The global Boycott, Divestment and Sanctions Movement (BDS), initiated by Palestinian civil society in 2005, is receiving a lot of attention these days.
The stated goals of BDS are: the end of Israel’s occupation and settler colonization of Palestinian land and the Golan Heights, full equality for Arab-Palestinian citizens of Israel, and promotion of the right of return of Palestinian refugees.
Netanyahu and Israel’s government want to kill the BDS Movement
On January 7, 2018 Israel published its list of NGOs that support BDS — with the intention of preventing leaders of those organizations from entering Israeli territory — and thus Palestinian territory. A U.S. Quaker group that won the Nobel Peace Prize in 1947 is on the list. Even Jews who support BDS are targets for Israel’s ire.
Israel, the homeland for the Jews, only wants Zionists apparently, not just any Jew.
A joint team from the Strategic Affairs and Interior ministries has already determined the parameters that will serve as a basis for barring activists from coming into the country. Those who hold senior or important positions in blacklisted organizations will be denied entry, as well as key activists, even if they hold no official position.
Mayors and establishment figures who actively and continually promote boycotts will also be prevented from entering, as will activists who arrive to Israel on behalf of or as part of a delegation initiated by one of blacklisted groups. See the full article here.
The “Anti-BDS Law”, passed by the Knesset in March 2017, has already been used against Americans (including American Jews) traveling to Israel and against elected representatives of the French republic (MPs, MEPs, and mayors of major French cities) who wished to visit Israel and occupied Palestine, with a particular aim to meet their Palestinian counterparts. In response, the Israeli government invented a new offence: that of applying for permission to visit! (Check out this article in the Middle East Eye).
The list of organizations now banned by Israel includes:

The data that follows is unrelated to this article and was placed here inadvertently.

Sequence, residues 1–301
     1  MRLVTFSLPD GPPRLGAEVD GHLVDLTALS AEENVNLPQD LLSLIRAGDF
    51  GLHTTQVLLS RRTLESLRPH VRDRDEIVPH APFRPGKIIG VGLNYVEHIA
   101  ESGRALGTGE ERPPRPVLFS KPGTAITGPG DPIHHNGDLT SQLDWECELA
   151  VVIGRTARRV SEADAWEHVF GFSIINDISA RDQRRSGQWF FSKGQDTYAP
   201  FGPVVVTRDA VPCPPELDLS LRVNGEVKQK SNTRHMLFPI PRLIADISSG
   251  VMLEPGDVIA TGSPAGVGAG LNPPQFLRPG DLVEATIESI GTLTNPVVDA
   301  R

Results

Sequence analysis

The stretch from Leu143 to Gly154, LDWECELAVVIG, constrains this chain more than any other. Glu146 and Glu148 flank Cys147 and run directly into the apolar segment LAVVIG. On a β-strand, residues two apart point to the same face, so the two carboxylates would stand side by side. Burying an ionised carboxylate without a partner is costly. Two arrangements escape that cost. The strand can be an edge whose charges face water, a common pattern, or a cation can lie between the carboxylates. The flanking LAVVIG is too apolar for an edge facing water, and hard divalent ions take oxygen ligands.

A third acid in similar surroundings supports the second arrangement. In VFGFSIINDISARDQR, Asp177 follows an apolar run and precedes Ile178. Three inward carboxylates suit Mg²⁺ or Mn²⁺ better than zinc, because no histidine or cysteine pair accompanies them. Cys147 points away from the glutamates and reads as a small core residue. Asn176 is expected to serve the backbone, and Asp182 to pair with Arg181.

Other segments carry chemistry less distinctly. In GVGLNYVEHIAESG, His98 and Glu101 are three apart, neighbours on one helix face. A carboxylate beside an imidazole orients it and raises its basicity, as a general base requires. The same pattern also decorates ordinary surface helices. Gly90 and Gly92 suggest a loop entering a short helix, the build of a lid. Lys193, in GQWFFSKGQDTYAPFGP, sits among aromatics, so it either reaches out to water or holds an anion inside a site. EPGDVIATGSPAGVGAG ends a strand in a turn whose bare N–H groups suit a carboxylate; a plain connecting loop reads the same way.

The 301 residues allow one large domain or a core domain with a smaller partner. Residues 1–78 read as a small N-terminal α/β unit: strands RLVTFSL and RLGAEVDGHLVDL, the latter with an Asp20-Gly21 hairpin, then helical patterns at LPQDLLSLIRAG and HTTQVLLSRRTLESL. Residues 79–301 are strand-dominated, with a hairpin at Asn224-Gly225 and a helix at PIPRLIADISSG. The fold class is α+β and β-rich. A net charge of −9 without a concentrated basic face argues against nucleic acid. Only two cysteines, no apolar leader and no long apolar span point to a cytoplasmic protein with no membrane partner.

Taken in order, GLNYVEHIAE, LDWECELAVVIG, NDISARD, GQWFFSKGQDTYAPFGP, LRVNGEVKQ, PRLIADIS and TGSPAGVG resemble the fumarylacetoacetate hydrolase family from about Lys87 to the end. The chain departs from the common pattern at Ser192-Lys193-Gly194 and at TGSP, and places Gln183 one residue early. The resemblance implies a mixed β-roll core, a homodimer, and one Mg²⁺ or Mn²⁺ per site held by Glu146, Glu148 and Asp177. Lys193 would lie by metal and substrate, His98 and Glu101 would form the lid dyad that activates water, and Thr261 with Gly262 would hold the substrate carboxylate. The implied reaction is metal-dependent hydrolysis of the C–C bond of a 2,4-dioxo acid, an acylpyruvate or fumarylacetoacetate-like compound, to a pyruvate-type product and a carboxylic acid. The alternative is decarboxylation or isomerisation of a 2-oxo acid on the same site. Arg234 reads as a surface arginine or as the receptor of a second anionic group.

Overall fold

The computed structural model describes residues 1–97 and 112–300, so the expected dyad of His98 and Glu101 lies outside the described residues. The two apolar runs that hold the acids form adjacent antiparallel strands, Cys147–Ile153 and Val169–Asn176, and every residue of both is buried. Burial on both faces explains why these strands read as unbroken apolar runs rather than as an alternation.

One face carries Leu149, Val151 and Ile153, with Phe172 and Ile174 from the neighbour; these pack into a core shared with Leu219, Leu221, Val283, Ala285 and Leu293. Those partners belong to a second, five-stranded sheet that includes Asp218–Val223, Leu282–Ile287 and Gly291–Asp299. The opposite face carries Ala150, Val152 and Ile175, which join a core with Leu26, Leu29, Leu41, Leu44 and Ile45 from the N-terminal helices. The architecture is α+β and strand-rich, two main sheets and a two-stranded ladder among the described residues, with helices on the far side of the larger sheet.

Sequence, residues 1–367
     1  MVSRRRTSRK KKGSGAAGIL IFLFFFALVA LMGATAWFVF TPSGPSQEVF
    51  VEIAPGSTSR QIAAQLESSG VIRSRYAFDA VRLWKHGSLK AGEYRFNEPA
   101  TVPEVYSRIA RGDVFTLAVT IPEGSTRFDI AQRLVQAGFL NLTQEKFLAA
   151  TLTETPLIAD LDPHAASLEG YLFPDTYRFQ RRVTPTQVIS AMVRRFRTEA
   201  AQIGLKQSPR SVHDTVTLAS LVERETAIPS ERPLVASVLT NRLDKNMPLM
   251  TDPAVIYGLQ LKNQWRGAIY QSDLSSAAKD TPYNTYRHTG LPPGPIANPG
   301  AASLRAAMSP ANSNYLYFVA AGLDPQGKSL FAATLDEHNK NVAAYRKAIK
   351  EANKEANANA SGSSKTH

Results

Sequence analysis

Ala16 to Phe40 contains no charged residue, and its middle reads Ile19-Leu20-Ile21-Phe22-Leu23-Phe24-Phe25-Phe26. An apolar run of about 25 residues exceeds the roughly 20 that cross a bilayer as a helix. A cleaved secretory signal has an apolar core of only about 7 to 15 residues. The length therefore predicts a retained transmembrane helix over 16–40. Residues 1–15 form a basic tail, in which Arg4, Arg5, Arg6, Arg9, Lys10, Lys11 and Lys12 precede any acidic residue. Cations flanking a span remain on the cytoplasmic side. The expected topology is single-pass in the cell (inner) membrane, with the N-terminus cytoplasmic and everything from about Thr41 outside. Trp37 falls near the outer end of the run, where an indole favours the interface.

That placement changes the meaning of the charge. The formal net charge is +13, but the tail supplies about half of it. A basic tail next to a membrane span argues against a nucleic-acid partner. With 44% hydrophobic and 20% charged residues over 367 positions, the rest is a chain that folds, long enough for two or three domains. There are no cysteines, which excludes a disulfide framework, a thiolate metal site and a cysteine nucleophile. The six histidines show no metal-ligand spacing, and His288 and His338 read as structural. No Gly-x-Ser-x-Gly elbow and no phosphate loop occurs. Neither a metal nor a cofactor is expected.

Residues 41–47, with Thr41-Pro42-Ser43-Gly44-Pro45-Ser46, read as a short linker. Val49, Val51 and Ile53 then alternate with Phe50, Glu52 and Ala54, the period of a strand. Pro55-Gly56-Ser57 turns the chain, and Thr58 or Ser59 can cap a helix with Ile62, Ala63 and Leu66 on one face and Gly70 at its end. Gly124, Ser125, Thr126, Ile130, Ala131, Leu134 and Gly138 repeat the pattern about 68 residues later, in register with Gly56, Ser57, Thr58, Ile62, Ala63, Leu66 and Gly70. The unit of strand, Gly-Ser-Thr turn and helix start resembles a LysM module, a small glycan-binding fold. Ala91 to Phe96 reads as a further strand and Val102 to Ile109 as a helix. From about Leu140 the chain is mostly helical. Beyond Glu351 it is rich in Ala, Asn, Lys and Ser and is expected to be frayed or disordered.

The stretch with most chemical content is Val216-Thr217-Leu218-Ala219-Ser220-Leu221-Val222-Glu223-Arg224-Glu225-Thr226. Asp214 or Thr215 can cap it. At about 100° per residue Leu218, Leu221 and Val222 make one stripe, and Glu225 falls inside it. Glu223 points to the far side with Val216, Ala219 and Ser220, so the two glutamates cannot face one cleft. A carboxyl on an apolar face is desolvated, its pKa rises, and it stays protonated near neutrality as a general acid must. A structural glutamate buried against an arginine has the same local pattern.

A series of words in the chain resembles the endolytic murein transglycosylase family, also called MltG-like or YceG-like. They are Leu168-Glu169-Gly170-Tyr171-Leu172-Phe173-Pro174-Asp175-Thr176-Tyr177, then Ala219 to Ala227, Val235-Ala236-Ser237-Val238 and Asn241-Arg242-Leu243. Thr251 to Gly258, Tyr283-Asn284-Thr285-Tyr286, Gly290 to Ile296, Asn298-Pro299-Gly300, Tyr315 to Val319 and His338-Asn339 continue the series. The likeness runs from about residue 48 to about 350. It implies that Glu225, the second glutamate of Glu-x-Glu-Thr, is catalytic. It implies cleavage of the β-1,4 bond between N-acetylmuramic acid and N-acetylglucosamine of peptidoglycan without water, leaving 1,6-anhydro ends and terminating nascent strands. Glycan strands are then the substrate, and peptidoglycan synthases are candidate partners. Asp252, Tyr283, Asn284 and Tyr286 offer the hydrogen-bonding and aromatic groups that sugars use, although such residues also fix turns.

AFPS (The Association France Palestine Solidarité)
ECCP (The European Coordination of Committees and Associations for Palestine
FOA (Friends of Al-Aqsa)
IPSC (Ireland Palestine Solidarity Campaign)
Norge (The Palestine Committee of Norway)
PGS (Palestine Solidarity Association in Sweden)
Palestinagrupperna i Sverige
PSC (Palestine Solidarity Campaign)
War on Want
AFSC (American Friends Service Committee)
AMP (American Muslims for Palestine)
JVP (Jewish Voice for Peace)
NSJP (National Students for Justice in Palestine)
USCPR (US Campaign for Palestinian Rights)
BDS South Africa
BNC (BDS National Committee)
I was questioned for five hours by three different Israeli security officials in March 2016 when I was crossing into the West Bank from Jordan. And what did they want to know? Their chief concern was whether or not I supported BDS. One security official found photos I had posted on Facebook from my visit to Paris a few months earlier, including pictures of a BDS rally. She accused me of being the organizer of this BDS rally. I told her I support BDS because it’s a peaceful, nonviolent form of protest against the occupation but I was not the organizer of this BDS rally in Paris. She responded: “You’re a liar!”
I was eventually allowed to enter, thanks (I believe) to the support I received from my Jewish Israeli friend who invited me to visit her kibbutz. The Israeli security officials had called her twice that afternoon — her responses must have been my ticket in.
But what is the government of Israel afraid of when it appears to be waging a global war against the BDS movement? Most undergraduate Psych majors would interpret Israel’s public relations campaign against BDS as a sign of Israel’s fear of the movement’s growing success.
If the BDS movement achieves its goal, Israel as a Jewish-majority homeland for the Jews will cease to exist, and the occupation will also end. It worked in South Africa; it realistically has every chance of working in Israel-Palestine. THAT’S what Israel is afraid of — the end of the status quo.
Now it’s incumbent on BDS activists to share a narrative of what life in Israel-Palestine will look like for both Israelis and Palestinians after the occupation ends. Even though Israel is by far stronger than Palestine today, it is far weaker in spirit and imagination. And fear among Israelis obscures their vision of a world beyond occupation. Palestinians and international supporters of BDS must provide this alternative vision to replace their fear.
Norwegian lawmaker wants to bestow the Nobel Peace Prize on BDS
A few days ago, a Norwegian lawmaker nominated the BDS Movement for the Nobel Peace Prize. He said:
“This nomination reflects the growing international solidarity with the Palestinian struggle for justice, dignity and freedom from the Israeli occupation.”
“If the international community commits to supporting BDS to end the occupation of Palestinian territory and the oppression of the Palestinian people, new hope will be lit for a just peace for Palestinians, Israelis and all people across the Middle East.”
“My hope is that this nomination can be one humble but necessary step towards bringing forth a more dignified and beautiful future for all peoples of the region.”